Anxiety: The Rumble Strip on the Highway of our Lives
On a lot of highways now as you are driving down the road of your life you will see to the right of that white line what is commonly referred to as a rumble strip. Also known as sleeper lines, alert strips, audible lines, wake up calls, growlers, drift lines, and drunk bumps. The purpose of these WWI Sherman tank like track marks along the edge of travel lines are to act as a safety feature to alert inattentive drivers to potential danger. The uneven surface connects with a tire and rough vibration travels through the car to the driver’s senses where hopefully they can absorb this new information and make an adjustment back to homeostasis. They can be installed along travel lanes to alert when a driver is veering out of their lane as well as placed across the driving path to alert that a needed precaution or slow down is necessary for an approaching danger spot.
Anxiety is the built in human physiological rumble strip. It is a signal normally radiating through the autonomic nervous system giving us information that one of two things is occurring. Either we are actually in danger and need extra precautions (or) that we have previously perceived ourselves in danger at some point in our lives and have conditioned ourselves to react to associated triggers that remind us of this danger. From the latter standpoint, we have in some way up regulated the nervous system into readiness and kept that mechanism active instead of down regulating the nervous system after the danger passed. So to simplify this, anxiety is either a biologically designed response to danger that helps us survive (or) it is an unresolved and conditioned past mental, emotional, or physical trauma that has never been fully down regulated completely.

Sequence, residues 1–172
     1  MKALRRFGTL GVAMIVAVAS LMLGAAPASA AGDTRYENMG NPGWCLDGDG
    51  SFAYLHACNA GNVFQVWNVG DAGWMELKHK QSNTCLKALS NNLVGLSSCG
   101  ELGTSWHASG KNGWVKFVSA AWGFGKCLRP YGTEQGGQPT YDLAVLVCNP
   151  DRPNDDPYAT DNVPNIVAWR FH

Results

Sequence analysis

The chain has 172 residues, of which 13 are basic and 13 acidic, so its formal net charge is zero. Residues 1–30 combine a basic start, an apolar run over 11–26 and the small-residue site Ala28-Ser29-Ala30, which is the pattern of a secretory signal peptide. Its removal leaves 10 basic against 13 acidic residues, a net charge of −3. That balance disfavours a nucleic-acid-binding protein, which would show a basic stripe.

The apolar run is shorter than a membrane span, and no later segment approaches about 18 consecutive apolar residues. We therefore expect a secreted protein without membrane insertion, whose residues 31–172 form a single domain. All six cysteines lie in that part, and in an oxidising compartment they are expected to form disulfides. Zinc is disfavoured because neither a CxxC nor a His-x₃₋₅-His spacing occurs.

So let’s assume that you suffer from anxiety. As an example, you’ve visited your general practitioner and have received a prescription for Xanax, Klonopin, Valium, Ativan or any member of the Benzo (benzodiazepine) Family which are a class of psycho-active drugs that work selectively on GABA to do what? Well basically to block our awareness of the naturally occurring rumble strip of information that our body is communicating to us. You see anxiety is the guide of what needs healing. Are there times when adjusting our nuerotransmitters can be helpful? My answer as a trauma specialist is it can be a very temporary fix like anesthesia during surgery and pain killers after but keep in mind that anxiety is the body’s way of telling you something needs attention and it is that awareness of how we are holding our pain that is the guide towards healing.
So let’s say that you hear and understand what we just said about anxiety but it is still overwhelming. If you say I can’t or shouldn’t take anxiety meds because they shut me off from the communication of my body then how do I reduce my suffering due to anxiety? For that I suggest you join our mailing list here (or) apply for a deep dive coaching session if you have an interest in working with a trauma/anxiety specialist and of course stay tuned for an upcoming article on the topic: How to reduce the suffering of anxiety without medications.